42. 43. Prosthetic Attachment <ul><li>Abutment </li></ul><ul><li>portion of the implant that supports or retains a prosthesis </li></ul><ul><li>or implant superstructure </li></ul><ul><li>Superstructure </li></ul><ul><li> metal framework that attaches to the implant abutment </li></ul><ul><li> and provides either retention for removable prosthesis </li></ul><ul><li> or framework for fixed prosthesis </li></ul>abutment Implant body prosthesis superstructure
  43. 44. Categories of implant abutment <ul><li>based on method by which prosthesis or superstructure is retained to the abutment </li></ul><ul><li>Screw retention </li></ul><ul><li>cement retention </li></ul><ul><li>for attachment </li></ul><ul><ul><ul><li>attachment device to retain a removable prosthesis </li></ul></ul></ul>
  44. 45. Prosthesis fabrication <ul><li>Impression is necessary to transfer the position and design of implant or abutment to the master cast for prosthesis fabrication </li></ul><ul><li>Transfer coping – used to position a dye in an impression </li></ul>
  45. 46. Two types of transfer coping 1. direct transfer coping 2. indirect transfer coping
  46. 47. Laboratory fabrication <ul><li>Analog – </li></ul><ul><li>defined as something that is analogous to something else </li></ul><ul><li>Analog is placed on the transfer coping and the impression is poured </li></ul>
  47. 48. Prosthetic coping is a thin covering usually designed to fit the Implant abutment for screw retention It serves as a connection between abutment and prosthesis or superstructure
  48. 50. Implant surgery Implant system broadly are of 2 types Two stage One stage immediate <ul><li>one piece implant system </li></ul><ul><ul><li>implant body + prosthodontic abutment </li></ul></ul>2. two piece implant system implant system prosthodontic abutment
  49. 51. Implant surgery… <ul><li>Two stage surgery </li></ul><ul><li>1 st surgery </li></ul><ul><li>- implant body placed below the soft tissue </li></ul><ul><li> after initial bone healing has occurred </li></ul><ul><li>2 nd surgery </li></ul><ul><li>-soft tissue are reflected </li></ul><ul><li>- permucosal element or abutment is attached </li></ul><ul><li>One stage surgery </li></ul><ul><li>1 st surgery </li></ul><ul><li>- implant and permucosal element placed </li></ul><ul><li>after initial bone healing has occurred -abutment replaces the permucosal element without reflection of flap </li></ul>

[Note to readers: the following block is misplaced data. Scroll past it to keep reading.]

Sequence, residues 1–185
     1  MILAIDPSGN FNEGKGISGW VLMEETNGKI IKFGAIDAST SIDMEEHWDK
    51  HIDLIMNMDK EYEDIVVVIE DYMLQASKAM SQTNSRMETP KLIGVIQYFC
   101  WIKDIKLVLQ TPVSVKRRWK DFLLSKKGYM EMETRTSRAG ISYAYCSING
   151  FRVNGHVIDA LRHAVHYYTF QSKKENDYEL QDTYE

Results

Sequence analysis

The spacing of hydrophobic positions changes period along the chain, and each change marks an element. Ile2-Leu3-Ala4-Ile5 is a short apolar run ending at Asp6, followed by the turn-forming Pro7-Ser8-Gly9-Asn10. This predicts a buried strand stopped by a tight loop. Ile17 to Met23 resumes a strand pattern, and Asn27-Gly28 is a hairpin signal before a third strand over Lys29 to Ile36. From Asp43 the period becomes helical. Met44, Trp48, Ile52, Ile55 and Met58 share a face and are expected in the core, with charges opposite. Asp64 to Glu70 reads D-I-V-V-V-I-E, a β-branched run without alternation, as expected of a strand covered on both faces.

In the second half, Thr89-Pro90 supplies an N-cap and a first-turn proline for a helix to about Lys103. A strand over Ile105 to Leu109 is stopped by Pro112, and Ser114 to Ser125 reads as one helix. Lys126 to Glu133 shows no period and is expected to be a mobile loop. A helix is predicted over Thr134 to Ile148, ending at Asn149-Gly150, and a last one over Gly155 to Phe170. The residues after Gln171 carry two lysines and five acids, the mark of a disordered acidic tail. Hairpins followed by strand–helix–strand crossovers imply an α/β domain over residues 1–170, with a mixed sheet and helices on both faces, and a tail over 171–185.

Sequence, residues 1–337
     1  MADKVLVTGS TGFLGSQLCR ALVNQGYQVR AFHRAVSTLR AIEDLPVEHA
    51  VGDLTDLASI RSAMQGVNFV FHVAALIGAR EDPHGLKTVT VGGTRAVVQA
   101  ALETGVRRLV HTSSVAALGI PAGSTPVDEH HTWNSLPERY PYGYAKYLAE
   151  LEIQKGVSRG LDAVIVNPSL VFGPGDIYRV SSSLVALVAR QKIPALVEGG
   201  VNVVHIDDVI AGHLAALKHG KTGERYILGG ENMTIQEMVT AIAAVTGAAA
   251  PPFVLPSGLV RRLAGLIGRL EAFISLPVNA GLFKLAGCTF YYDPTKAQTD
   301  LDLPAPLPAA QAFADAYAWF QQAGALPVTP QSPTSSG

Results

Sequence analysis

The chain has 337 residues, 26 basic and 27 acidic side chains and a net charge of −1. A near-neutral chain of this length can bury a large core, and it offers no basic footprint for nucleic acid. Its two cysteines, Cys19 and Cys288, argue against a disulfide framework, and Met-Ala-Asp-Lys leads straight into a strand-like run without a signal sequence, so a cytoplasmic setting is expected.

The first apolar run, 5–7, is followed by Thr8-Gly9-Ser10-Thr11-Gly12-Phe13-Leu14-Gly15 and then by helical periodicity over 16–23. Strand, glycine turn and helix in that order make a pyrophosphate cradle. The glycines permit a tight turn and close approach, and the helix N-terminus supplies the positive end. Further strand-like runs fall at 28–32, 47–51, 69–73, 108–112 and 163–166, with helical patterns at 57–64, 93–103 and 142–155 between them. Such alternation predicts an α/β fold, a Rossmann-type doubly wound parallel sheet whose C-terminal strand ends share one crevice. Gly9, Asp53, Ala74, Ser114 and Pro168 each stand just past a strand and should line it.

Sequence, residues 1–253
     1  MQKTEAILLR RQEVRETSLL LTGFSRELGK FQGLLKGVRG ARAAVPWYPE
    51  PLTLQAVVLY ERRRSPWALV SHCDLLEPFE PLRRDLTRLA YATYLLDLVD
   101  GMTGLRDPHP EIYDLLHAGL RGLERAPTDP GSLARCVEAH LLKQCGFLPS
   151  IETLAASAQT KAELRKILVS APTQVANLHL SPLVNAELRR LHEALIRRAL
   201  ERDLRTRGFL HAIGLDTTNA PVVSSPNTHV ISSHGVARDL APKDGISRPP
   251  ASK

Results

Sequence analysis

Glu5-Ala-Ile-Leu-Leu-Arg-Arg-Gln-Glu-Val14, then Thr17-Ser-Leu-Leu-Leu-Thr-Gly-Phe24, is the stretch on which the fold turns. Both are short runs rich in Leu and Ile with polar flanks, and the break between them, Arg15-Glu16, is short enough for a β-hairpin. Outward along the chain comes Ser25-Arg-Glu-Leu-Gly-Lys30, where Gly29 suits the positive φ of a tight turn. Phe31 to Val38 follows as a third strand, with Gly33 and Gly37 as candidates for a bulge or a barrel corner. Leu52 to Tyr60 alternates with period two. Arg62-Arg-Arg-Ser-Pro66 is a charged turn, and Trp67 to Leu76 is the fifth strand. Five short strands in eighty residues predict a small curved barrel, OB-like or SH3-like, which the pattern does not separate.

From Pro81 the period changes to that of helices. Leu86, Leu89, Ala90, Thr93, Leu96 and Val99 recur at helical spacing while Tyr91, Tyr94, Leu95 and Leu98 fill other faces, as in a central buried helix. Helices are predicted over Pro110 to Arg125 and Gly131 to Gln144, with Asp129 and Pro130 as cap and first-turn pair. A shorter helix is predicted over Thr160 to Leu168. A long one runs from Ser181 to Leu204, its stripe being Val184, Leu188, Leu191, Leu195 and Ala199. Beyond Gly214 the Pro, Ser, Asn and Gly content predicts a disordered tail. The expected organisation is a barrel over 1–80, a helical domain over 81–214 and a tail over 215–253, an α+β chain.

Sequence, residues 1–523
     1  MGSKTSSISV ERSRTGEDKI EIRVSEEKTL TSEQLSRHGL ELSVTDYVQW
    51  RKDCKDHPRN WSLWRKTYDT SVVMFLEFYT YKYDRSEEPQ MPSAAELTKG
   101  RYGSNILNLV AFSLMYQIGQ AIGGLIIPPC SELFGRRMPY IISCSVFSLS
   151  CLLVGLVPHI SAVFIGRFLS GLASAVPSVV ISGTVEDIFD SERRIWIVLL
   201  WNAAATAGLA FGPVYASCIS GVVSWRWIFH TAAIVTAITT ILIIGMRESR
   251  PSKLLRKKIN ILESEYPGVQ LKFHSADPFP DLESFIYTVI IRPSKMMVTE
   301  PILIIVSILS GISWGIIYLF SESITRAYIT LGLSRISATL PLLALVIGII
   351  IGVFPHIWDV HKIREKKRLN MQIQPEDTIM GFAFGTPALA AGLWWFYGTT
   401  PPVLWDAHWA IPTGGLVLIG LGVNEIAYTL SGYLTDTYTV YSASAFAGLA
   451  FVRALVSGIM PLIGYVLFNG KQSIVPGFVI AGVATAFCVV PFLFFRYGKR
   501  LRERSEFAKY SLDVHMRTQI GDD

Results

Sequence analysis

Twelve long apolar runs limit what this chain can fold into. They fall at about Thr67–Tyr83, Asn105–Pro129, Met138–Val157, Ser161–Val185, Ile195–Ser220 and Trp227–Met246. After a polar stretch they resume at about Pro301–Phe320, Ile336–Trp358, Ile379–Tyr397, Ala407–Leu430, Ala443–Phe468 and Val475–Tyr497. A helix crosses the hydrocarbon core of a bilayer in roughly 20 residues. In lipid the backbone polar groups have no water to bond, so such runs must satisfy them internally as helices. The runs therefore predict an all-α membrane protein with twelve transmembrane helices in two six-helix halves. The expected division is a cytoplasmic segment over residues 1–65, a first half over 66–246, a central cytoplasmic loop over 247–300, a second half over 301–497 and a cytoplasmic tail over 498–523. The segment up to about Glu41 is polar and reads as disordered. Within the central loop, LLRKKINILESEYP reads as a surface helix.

50. 52. Implant body First stage cover screw Second stage permucosal extension or healing abutment Abutment A) for screw retentin B) for cement retention C) for attachment Hygiene screw Transfer coping A) direct B) indirect Analog A)implant body B) abutment coping Prosthesis screw
  52. 54. Types of prosthesis can be given <ul><li>1. fixed </li></ul><ul><li>2. removable </li></ul><ul><li>FP 1 : Fixed prosthesis </li></ul><ul><li>Replaces only crown </li></ul><ul><li>Looks like natural tooth </li></ul>
  53. 55. Types of prosthesis can be given… <ul><li>FP – 2 : </li></ul><ul><li>fixed prosthesis </li></ul><ul><li>replaces crown and portion of root </li></ul><ul><li>hyper-contoured gingival half </li></ul>
  54. 56. Types of prosthesis can be given… <ul><li>FP – 3 : Fixed prosthesis </li></ul><ul><li>Replaces missing crown ,gingival color and portion of edentulous site </li></ul>
  55. 57. Types of prosthesis can be given… <ul><li>RP – 4 </li></ul><ul><li>Removable prosthesis Overdenture supported completely by implant </li></ul>
  56. 58. Types of prosthesis can be given… <ul><li>RP – 5 : </li></ul><ul><li>Removable prosthesis, overdenture supported both by soft tissue and implant </li></ul>
  57. 59. Dental examination <ul><li>Bone density classification </li></ul><ul><li>Dense cortical (D1) bone </li></ul><ul><li>Highest bone implant </li></ul><ul><li>contact (BIC) > 80% </li></ul><ul><li>Anterior region of mandible very dense compact bone </li></ul>
  58. 60. Dental examination… <ul><li>Dense to thick porous cortical and coarse trabecular bone (D2) </li></ul><ul><li>BIC = 70% </li></ul><ul><li>Dense to porous compact bone on the outside and coarse trabecular bone on the inside </li></ul><ul><li>Anterior and posterior mandible </li></ul>
  59. 61. Dental examination… <ul><li>Thin porus cortical and fine trabecular bone (d3) </li></ul><ul><li>BIC = 50 % </li></ul><ul><li>Thinner porous compact bone and fine trabecular bone </li></ul><ul><li>Anterior or posterior maxilla and posterior mandible </li></ul><ul><li>Implants coated with hydroxyapatite are indicated </li></ul>